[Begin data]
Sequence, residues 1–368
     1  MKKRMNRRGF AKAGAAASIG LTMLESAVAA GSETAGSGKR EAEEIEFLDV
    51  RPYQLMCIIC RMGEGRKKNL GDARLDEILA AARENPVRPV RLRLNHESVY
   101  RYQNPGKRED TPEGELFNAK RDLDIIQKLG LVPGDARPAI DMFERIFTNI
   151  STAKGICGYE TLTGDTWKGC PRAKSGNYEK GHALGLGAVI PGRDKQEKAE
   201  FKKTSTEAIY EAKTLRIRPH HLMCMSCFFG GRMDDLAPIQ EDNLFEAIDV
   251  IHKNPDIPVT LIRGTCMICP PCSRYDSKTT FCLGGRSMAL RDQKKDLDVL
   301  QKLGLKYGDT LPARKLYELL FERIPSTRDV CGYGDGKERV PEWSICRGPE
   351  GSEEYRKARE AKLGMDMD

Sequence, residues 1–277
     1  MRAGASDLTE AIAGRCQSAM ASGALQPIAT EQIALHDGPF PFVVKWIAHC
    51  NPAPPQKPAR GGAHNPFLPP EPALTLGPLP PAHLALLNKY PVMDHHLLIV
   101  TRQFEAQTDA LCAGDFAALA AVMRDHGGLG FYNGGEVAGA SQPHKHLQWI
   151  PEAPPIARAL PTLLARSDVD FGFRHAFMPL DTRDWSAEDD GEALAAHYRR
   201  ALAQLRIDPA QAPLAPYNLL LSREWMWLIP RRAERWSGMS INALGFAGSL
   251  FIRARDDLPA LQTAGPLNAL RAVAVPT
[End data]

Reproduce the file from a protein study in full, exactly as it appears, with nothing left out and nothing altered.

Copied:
Sequence, residues 1–368
     1  MKKRMNRRGF AKAGAAASIG LTMLESAVAA GSETAGSGKR EAEEIEFLDV
    51  RPYQLMCIIC RMGEGRKKNL GDARLDEILA AARENPVRPV RLRLNHESVY
   101  RYQNPGKRED TPEGELFNAK RDLDIIQKLG LVPGDARPAI DMFERIFTNI
   151  STAKGICGYE TLTGDTWKGC PRAKSGNYEK GHALGLGAVI PGRDKQEKAE
   201  FKKTSTEAIY EAKTLRIRPH HLMCMSCFFG GRMDDLAPIQ EDNLFEAIDV
   251  IHKNPDIPVT LIRGTCMICP PCSRYDSKTT FCLGGRSMAL RDQKKDLDVL
   301  QKLGLKYGDT LPARKLYELL FERIPSTRDV CGYGDGKERV PEWSICRGPE
   351  GSEEYRKARE AKLGMDMD

Sequence, residues 1–277
     1  MRAGASDLTE AIAGRCQSAM ASGALQPIAT EQIALHDGPF PFVVKWIAHC
    51  NPAPPQKPAR GGAHNPFLPP EPALTLGPLP PAHLALLNKY PVMDHHLLIV
   101  TRQFEAQTDA LCAGDFAALA AVMRDHGGLG FYNGGEVAGA SQPHKHLQWI
   151  PEAPPIARAL PTLLARSDVD FGFRHAFMPL DTRDWSAEDD GEALAAHYRR
   201  ALAQLRIDPA QAPLAPYNLL LSREWMWLIP RRAERWSGMS INALGFAGSL
   251  FIRARDDLPA LQTAGPLNAL RAVAVPT